The Marantz 4400 is a classic quadraphonic 4 channel receiver into which Marantz pretty much threw everything they had. Offered from about 1974 until 1978, it pushed out 125 watts RMS per channel into 8 ohms in 2 channel mode and 50 watts per channel into 4 channels which was pretty powerful for a quad receiver. It did this with under 0.15% total harmonic distortion from 20 Hz to 20 KHz.
Marantz also not only incorporated built in Dolby Noise Reduction into the 4400 but gave it six different controls.
The tuning section of the 4400 utilized Phase Lock Loop FM Multiplex Demodulation which is a complicated way of saying that it could effectively lock onto an FM channel and hold it.
If you bought the Marantz 4400 quadraphonic receiver but really only had 2 channell recordings theyou didn’;t have to worry because the 4400 has what is called Vari-Matrix Synthesis which “synthesizes” 4-channel sound from 2-channel material.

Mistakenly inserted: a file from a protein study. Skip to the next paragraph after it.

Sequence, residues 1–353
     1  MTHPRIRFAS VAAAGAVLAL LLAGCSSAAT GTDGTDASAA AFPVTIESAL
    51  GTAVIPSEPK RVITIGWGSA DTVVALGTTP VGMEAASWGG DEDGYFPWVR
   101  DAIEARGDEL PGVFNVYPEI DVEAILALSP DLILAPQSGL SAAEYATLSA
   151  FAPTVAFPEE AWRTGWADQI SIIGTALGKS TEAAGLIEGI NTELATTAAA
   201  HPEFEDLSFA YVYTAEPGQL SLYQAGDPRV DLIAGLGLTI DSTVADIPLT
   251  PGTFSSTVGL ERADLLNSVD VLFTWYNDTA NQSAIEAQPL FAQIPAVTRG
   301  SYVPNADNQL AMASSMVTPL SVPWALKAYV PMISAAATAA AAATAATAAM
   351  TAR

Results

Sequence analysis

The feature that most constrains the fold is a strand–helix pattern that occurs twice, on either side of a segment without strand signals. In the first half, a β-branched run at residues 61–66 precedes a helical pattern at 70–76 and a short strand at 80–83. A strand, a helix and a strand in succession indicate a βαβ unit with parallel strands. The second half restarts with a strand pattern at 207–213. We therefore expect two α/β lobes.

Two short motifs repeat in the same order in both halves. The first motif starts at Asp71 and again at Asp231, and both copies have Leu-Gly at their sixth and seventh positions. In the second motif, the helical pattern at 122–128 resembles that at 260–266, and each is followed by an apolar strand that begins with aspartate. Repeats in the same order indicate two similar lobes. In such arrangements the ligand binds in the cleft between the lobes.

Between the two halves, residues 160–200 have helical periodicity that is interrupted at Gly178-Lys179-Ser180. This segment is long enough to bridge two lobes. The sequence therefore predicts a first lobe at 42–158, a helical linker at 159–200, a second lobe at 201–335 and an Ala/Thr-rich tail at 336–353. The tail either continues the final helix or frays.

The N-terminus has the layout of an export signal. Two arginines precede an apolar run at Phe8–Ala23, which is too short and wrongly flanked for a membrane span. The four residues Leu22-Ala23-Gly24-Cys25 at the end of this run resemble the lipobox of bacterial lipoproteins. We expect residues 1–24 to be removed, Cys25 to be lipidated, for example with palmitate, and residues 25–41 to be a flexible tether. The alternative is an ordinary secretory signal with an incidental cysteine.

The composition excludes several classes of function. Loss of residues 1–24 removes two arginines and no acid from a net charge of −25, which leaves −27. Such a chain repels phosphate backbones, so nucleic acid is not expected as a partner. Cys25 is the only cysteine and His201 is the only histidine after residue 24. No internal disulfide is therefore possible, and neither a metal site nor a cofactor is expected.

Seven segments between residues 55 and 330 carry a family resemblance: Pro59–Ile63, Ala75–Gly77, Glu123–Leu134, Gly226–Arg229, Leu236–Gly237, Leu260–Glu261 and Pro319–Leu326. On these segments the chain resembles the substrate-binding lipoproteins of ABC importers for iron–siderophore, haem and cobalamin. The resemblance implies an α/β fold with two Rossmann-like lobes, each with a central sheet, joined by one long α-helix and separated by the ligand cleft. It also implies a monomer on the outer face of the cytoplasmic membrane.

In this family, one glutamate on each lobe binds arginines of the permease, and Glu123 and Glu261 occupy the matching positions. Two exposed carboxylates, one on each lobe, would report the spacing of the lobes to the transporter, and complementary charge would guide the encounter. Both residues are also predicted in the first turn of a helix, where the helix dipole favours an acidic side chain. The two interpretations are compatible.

Probably the most iconic aspect of the 4400 and some other Marantz receivers is the built in oscilloscope. The scope, located at the top left corner of the front of the receiver has 3 basic functions. First, it acts as a tuning meter and graphically represents channel separation. Second, you can see the signal source and third you can see the effect of antenna position in order to reduce distortion. The oscilloscope utilized a Hitachi 50TB31 tube for the display.
Marantz added separate balance controls for the front/front and rear/rear speakers as well as a separate control for balance between the front and rear speakers. Marantz offered as an option the WC-43 wood case which really adds to the look of the 4400.
Another interesting feature was the built in interchangeable matrix decoder socket. You could purchase different decoders and plug them into the socket. That way you would be sure that the 4400 would be able to decode your specific qhadraphonic material. At the time they had SQA-1, SQ/QS-1, SQA-2, QS-3 and CD-4 decoders.
Marantz collectors salivate over the 4400 today and prices reflect that demand. A fully restored 4400 can easily sell for over $2500.00